ENERGY: Oil and gas filmmaker seeks funding
FARMINGTON — An Albuquerque filmmaker who created the 2011 pro-oil and gas documentary "Spoiled" is now trying to finance the release of his second film, the latest effort in his campaign to counter negative perceptions surrounding the energy industry.
Writer and director Mark Mathis completed his latest pro-energy documentary, "Fractured — Language, Lies and Energy," last month and is hoping to secure more funding to release the film in theaters across the U.S.
Mathis casts himself in the film, speaking to the camera in an effort to unpack the "deceit and lies" surrounding the ongoing public relations battle between opponents and supporters of the energy industry with a focus on the words used in the debate over energy production in the U.S.
Errol Morris' 2003 film "Fog of War" served as an inspiration, Mathis said in a phone interview from his Albuquerque home, late last month, but the basic approach was also practical.
"We didn't have money to fly around the country doing interviews," he said. "I decided that since I've been analyzing energy issues, making films for 13 years, I knew what I wanted to say and that audiences would be receptive."
So far, Mathis said his fundraising efforts using the crowdfunding website indiegogo.com have raised about $16,500, 30 percent of the way toward his $50,000 goal.
He would also like to see the film added to the list of documentary films on the online streaming service, Netflix.
Mathis said his film's goal is to push back against the words people use to unfairly critique or misrepesent about the energy industry.
He said the term for hydraulic fracturing — "fracking" — has been elevated above all others as the go-to perjorative for anti-energy industry films like "GasLand" and anti-energy industry activists.
"Fracking — the mother of all obscenities," Mathis said
"I'm a language guy," said Mathis, a former television news anchor. "Language is very important. Language shapes ideas, widely held ideas, that are used to create government policy and, ultimately, create the reality that we all have to live with. As a society, we've overlooked language, how it can shape and distort reality, truth."
He said that the catalyst for making "Spoiled" was his issue with a line from George W. Bush's 2006 State of the Union address.
"When he said 'America is addicted to oil,' I thought that was the dumbest thing he ever said as president," Mathis said.
Talking to various groups around the country about his research and film-making has even made him aware of his own use of language when talking about energy production.
"There are still places that I still say 'environmental activists.'" he said. "Very few of these people are environmental activists. They are anti-energy activists."
Mathis also takes issue with the phrase "climate change denier," which he said has often been leveled at himself and others in the energy industry. He says the term is a "horrible abuse of language."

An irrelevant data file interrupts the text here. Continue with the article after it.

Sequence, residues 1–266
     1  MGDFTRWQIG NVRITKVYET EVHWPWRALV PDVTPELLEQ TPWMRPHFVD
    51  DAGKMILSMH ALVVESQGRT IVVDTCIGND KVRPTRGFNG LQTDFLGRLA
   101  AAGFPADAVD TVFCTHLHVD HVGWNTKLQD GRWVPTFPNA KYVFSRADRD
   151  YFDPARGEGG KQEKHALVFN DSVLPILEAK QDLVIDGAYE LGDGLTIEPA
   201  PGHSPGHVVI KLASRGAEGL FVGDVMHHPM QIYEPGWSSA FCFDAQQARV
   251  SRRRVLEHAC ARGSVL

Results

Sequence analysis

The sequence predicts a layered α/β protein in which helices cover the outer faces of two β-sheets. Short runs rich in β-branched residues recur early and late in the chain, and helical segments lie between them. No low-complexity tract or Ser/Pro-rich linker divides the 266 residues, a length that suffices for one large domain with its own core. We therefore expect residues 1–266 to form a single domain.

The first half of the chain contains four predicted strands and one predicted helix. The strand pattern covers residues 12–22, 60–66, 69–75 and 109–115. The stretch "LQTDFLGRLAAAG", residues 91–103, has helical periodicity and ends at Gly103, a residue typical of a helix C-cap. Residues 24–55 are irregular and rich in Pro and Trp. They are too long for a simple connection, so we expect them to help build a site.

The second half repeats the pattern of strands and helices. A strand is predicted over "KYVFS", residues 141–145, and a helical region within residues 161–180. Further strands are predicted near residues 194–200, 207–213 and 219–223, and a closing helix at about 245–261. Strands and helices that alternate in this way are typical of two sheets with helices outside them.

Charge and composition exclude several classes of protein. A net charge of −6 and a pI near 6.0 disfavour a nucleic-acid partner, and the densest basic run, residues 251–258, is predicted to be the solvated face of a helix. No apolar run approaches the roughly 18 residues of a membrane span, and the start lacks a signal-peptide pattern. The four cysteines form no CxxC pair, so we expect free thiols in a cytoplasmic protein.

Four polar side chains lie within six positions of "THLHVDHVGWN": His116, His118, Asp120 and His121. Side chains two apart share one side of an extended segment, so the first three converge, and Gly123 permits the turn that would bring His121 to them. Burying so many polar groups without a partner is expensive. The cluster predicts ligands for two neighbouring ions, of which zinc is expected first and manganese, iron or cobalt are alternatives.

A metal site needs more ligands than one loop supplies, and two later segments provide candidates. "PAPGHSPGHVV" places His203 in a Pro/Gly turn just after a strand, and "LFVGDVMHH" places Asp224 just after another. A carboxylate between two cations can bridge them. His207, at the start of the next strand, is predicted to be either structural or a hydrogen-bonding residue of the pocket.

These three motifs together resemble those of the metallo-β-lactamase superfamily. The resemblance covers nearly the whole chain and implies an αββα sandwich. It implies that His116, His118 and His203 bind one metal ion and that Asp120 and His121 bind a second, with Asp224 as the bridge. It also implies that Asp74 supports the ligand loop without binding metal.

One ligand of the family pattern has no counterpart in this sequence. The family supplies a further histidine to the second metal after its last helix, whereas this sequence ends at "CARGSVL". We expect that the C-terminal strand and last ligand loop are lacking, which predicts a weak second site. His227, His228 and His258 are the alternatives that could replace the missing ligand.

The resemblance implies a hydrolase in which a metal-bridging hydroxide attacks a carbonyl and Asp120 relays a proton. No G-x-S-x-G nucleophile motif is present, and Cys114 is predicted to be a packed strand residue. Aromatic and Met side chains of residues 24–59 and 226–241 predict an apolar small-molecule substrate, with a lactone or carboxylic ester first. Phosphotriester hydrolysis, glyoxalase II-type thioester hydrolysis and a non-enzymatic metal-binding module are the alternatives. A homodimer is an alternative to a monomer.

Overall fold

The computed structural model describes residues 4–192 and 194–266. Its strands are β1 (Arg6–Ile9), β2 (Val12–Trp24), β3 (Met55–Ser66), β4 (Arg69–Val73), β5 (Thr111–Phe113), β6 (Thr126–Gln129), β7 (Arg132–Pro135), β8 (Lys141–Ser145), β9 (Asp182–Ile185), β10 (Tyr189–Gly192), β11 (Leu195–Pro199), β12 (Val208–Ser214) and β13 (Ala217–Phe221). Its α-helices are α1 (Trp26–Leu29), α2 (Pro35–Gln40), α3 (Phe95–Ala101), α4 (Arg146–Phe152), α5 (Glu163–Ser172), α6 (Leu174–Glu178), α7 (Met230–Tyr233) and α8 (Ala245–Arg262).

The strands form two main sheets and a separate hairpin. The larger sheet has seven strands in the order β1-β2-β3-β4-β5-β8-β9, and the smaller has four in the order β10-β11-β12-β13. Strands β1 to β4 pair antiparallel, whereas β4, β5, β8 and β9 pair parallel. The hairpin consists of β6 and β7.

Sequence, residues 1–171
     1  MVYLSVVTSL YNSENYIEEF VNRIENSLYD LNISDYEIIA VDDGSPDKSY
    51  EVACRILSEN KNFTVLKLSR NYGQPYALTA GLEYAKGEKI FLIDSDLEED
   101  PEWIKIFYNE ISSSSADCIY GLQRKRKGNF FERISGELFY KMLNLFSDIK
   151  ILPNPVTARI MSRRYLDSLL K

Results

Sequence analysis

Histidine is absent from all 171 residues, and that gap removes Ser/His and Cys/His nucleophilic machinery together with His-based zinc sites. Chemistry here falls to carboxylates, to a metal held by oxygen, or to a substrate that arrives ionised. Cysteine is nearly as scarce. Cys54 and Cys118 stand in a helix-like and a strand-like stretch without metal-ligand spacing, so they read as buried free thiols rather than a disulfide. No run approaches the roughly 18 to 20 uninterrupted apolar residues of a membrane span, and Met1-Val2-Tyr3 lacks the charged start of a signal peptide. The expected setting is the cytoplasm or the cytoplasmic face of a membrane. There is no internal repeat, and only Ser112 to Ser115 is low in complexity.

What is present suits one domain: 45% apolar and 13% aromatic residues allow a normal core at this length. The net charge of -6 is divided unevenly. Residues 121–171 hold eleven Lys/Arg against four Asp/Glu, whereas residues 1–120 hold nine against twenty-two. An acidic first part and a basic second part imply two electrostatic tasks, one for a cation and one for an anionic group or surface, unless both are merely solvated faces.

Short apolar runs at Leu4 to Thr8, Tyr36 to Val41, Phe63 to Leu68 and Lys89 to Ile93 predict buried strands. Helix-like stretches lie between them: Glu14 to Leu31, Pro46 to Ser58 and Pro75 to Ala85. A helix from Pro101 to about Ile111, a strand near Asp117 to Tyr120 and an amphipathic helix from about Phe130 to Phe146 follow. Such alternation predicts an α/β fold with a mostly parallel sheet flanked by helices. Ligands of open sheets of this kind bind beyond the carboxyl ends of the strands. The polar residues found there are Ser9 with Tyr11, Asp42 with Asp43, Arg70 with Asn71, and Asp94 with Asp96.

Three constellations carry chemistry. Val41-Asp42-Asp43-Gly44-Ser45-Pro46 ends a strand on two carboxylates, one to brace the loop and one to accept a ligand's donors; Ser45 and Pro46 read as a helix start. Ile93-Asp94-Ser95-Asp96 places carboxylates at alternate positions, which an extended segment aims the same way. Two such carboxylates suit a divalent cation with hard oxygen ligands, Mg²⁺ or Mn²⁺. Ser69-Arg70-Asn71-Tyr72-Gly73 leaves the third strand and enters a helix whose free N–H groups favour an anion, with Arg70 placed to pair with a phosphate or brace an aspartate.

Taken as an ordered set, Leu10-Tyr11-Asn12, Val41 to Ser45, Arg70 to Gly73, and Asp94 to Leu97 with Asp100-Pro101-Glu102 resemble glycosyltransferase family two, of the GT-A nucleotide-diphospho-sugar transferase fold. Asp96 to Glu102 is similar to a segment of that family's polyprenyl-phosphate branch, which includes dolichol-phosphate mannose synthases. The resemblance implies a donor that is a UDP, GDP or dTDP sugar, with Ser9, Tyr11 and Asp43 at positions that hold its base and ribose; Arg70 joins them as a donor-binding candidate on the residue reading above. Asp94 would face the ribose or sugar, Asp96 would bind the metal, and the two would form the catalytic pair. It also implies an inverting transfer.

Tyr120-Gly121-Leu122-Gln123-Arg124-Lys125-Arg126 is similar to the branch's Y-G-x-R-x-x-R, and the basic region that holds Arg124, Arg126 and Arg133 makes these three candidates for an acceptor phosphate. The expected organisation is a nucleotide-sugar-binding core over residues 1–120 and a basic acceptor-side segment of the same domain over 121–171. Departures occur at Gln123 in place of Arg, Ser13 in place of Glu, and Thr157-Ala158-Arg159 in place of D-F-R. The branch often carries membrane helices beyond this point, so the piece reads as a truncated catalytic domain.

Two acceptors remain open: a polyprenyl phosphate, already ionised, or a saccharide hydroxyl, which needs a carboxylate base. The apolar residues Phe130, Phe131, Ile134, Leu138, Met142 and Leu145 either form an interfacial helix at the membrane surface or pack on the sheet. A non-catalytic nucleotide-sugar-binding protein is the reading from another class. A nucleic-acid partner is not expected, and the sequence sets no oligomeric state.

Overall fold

He said that the science "behind man-caused climate change is shaky."
"There's no question what's going on here," Mathis said. "The word 'denier' is associated most directly with 'Holocaust denier.' That's not an accidental word. We're using these words and I'm putting them in full view (in the film)."
Mathis argues in the film that hydrocarbons have raised the world's standard of living, dropping infant mortality, creating per capita income increases and allowing people to live better and longer. His film divides human history into the carbohydrate and hydrocarbon ages to underscore the value of oil, gas and coal and the standard of life those fossil fuels deliver.
Dana McGarrh — president and owner of Basin Well Logging Wireline Services, Inc., a Farmington oilfield service company — agrees.
McGarrh liked Mathis' first film so much, he said he bought a DVD copy and screened the film for all of his employees.
When he heard that Mathis was trying to raise money to help release "Fractured," he chipped in.
"I gave him $1,000 just a week or two ago," McGarrh said.
McGarrh said the energy industry has made some strides in public relations battles with the opposition, and Mathis' film is a positive contribution.
"Guys like Mark trying to put stuff out there that reveals the truth about energy, if you could get the general public to see it," he said. "I liked ("Spoiled") because he was impartial. He wasn’t pro or anti. He just wanted the facts out there. I like that he has a lot of statistics and a lot of facts."
Americans enjoy a quality of life that would be impossible without oil, McGarrh said.
"I try to let (people) know how much oil and gas actually plays into their daily life, everything they take for granted," he said. "From the asphalt you drive on to the tires on your car. Pharmaceuticals, plastics, cosmetics, hot showers, warm meals, light switches — everything. Unless you ride in a cart and buggy, grow your own food and take cold showers, you (benefit) from energy production. That’s what I try to convey. How much of your everyday life is fueled by energy industry. And that's what his film does."
James Fenton is the business editor of The Daily Times. He can be reached at 505-564-4621.